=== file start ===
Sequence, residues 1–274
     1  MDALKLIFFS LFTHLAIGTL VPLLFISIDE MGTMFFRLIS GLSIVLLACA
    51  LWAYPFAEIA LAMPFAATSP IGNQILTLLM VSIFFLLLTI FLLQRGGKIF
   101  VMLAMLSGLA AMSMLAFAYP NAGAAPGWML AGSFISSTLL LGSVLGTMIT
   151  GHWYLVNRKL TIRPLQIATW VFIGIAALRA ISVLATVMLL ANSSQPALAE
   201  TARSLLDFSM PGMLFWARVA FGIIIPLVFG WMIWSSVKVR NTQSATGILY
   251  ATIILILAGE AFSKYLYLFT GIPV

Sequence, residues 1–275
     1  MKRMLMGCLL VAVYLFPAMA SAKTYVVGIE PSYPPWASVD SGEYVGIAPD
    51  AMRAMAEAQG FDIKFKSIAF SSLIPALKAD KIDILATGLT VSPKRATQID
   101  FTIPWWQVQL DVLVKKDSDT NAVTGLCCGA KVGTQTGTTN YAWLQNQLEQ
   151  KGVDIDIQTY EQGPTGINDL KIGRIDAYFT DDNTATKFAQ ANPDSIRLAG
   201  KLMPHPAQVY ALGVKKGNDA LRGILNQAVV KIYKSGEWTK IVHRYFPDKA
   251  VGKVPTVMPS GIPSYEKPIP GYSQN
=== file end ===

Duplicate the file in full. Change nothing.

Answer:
Sequence, residues 1–274
     1  MDALKLIFFS LFTHLAIGTL VPLLFISIDE MGTMFFRLIS GLSIVLLACA
    51  LWAYPFAEIA LAMPFAATSP IGNQILTLLM VSIFFLLLTI FLLQRGGKIF
   101  VMLAMLSGLA AMSMLAFAYP NAGAAPGWML AGSFISSTLL LGSVLGTMIT
   151  GHWYLVNRKL TIRPLQIATW VFIGIAALRA ISVLATVMLL ANSSQPALAE
   201  TARSLLDFSM PGMLFWARVA FGIIIPLVFG WMIWSSVKVR NTQSATGILY
   251  ATIILILAGE AFSKYLYLFT GIPV

Sequence, residues 1–275
     1  MKRMLMGCLL VAVYLFPAMA SAKTYVVGIE PSYPPWASVD SGEYVGIAPD
    51  AMRAMAEAQG FDIKFKSIAF SSLIPALKAD KIDILATGLT VSPKRATQID
   101  FTIPWWQVQL DVLVKKDSDT NAVTGLCCGA KVGTQTGTTN YAWLQNQLEQ
   151  KGVDIDIQTY EQGPTGINDL KIGRIDAYFT DDNTATKFAQ ANPDSIRLAG
   201  KLMPHPAQVY ALGVKKGNDA LRGILNQAVV KIYKSGEWTK IVHRYFPDKA
   251  VGKVPTVMPS GIPSYEKPIP GYSQN